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A teacher Olga Quiroga from Chicago died of COVID-19 after several visits to her school – including to distribute school supplies to parents, her family said.
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Olga Quiroga, 58, a first-grade teacher, suffered from cold symptoms after several trips to Funston Elementary School last month, the Chicago Sun-Times reported.
“These schools are not properly equipped, they are not ready,” said her daughter Giovanna Quiroga. “My mother, it took me once to get to this building to sign it.”
Her mother tried to continue teaching her students virtually despite a strong cough and fatigue, reported the point of sale.
But soon her health deteriorated rapidly and she was taken to the emergency room.
“The nurses literally pulled her away from me,” said Giovanna. “And since September 11th she was in the intensive care unit. She just never got home.
Olga died on Thursday – just one day after her birthday – after battling the virus for three weeks.
Olga Quiroga Family
Her family is now calling on Chicago public schools to curb any school reopening plans. She insists that Olga’s death is proof that they are not safe.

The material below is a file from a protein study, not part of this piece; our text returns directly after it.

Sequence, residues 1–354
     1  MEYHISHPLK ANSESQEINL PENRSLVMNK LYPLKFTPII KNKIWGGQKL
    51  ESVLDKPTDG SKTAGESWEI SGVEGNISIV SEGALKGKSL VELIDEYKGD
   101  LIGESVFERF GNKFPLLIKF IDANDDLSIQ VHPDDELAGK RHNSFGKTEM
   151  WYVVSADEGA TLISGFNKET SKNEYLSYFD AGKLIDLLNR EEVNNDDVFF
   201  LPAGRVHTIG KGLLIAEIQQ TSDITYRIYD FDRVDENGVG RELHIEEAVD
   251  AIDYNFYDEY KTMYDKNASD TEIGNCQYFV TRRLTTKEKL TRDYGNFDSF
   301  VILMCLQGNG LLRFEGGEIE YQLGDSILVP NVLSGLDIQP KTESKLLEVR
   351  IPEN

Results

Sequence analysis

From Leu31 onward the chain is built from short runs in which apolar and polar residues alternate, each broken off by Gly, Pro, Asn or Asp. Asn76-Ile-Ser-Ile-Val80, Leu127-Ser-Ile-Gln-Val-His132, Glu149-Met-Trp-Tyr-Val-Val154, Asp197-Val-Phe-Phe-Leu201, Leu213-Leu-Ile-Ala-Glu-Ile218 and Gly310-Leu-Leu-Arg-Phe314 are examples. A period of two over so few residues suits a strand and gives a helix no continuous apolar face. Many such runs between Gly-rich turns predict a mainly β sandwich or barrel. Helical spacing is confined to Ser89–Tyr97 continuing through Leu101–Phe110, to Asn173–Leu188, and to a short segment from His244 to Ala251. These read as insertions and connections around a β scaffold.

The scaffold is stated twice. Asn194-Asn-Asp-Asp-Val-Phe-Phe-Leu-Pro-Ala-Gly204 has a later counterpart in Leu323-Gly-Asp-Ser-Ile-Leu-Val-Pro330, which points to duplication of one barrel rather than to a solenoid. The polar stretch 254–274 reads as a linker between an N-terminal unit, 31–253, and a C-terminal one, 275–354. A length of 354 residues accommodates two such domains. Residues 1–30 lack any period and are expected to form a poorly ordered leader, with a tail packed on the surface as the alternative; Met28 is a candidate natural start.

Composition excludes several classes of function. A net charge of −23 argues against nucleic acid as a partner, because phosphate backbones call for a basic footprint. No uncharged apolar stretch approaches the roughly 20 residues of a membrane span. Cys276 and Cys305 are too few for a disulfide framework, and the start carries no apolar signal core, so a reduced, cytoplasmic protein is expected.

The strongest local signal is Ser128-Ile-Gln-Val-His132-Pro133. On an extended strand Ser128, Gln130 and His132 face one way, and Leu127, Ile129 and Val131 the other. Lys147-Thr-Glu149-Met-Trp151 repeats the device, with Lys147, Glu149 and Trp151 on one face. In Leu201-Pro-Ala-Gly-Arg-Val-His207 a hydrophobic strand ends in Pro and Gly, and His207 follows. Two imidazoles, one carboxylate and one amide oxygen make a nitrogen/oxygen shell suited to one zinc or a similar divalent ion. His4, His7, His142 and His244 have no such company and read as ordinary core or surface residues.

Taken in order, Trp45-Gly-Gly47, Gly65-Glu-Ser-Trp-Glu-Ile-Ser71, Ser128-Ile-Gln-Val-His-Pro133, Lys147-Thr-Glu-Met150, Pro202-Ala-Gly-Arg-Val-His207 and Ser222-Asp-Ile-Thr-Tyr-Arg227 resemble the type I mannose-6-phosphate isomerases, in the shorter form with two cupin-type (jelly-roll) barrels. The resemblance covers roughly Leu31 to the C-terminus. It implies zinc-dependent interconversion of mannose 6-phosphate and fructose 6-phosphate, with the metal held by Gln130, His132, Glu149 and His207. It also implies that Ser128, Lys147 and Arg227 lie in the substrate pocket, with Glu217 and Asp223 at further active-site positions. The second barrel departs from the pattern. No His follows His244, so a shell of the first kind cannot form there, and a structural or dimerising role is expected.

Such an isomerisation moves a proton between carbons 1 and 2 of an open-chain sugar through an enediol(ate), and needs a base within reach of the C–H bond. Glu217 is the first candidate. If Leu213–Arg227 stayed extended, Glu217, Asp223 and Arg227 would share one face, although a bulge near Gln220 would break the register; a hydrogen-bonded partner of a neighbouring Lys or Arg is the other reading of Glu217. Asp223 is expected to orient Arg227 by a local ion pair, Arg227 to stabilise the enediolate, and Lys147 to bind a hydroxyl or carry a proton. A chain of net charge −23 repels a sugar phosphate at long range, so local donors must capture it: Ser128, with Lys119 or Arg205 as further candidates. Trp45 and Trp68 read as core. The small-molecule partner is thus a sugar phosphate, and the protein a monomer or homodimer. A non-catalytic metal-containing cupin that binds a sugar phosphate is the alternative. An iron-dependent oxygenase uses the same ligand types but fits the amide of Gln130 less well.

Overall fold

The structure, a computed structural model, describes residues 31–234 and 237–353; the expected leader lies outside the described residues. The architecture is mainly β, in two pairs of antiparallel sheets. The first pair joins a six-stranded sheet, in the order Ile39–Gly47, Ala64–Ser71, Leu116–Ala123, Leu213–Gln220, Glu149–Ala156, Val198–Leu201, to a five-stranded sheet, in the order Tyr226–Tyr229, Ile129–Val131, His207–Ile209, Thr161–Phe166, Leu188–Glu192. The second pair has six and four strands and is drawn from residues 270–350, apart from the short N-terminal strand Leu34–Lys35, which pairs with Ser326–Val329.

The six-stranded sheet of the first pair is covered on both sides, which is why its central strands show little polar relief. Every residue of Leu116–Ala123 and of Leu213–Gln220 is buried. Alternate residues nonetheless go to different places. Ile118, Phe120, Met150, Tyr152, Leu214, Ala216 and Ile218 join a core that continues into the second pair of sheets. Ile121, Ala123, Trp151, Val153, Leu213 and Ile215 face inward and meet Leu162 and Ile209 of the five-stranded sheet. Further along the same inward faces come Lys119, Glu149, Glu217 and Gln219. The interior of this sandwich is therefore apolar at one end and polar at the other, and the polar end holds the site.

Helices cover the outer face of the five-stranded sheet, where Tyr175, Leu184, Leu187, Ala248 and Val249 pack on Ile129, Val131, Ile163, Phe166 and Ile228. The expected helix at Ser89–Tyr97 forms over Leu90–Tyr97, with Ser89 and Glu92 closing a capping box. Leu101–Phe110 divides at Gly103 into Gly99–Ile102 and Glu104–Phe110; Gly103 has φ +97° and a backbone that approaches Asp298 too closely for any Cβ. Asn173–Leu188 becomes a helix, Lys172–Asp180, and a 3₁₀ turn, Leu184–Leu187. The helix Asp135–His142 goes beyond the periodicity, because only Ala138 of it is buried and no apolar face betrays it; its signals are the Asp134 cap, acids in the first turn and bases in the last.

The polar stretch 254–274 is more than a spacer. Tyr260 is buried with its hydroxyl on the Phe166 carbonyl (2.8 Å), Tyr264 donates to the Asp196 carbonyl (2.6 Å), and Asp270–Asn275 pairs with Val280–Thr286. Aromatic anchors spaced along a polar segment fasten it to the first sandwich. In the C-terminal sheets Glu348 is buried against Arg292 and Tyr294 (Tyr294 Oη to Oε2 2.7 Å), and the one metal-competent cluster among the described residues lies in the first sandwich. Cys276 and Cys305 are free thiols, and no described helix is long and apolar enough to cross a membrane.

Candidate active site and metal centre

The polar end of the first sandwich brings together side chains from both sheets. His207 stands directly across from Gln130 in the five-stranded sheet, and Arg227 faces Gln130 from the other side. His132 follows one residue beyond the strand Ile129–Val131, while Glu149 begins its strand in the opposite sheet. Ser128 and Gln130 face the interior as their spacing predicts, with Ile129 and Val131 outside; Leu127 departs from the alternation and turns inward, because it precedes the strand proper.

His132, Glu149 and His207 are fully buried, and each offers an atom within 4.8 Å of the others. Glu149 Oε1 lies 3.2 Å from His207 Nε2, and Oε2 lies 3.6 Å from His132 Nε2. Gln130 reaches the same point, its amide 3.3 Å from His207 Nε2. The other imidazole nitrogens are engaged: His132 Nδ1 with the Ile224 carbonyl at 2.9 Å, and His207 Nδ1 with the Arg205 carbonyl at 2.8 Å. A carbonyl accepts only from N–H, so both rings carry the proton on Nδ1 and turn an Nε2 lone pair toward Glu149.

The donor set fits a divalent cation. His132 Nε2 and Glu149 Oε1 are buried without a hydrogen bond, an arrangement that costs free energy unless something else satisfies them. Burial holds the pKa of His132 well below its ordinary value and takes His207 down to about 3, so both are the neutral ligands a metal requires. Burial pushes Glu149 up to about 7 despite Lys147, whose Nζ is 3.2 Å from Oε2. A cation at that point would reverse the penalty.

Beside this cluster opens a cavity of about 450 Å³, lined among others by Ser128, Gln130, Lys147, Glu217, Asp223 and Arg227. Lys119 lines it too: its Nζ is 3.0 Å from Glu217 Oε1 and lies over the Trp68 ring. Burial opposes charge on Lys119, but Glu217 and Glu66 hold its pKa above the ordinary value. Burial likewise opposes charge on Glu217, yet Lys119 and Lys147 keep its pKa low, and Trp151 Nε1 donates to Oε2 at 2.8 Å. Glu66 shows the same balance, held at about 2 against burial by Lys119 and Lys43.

“This virus is very real and … I understand CPS wants to open up, but we’re not at this point because we’re looking at what happened,” her daughter said. “They say they are safe, they are ready and obviously not.”
Plans to return to face-to-face learning are still pending amid opposition from the Chicago Teachers Union, news broadcaster WGN-TV reported.
The union said it had received complaints about the safety conditions of those forced to return to school buildings.
“We have received over 100 complaints from our members regarding the lack of PPE, the way the CPS failed to enforce social distancing, poor ventilation in school buildings – this is unacceptable,” he told CTU’s Tenille Evans.
However, school officials have denied that the buildings do not meet safety standards.
“Safety is a top priority for the district, and the district has gone beyond what is necessary to create the safest possible working environment for the few school employees who physically show up for work,” the district said.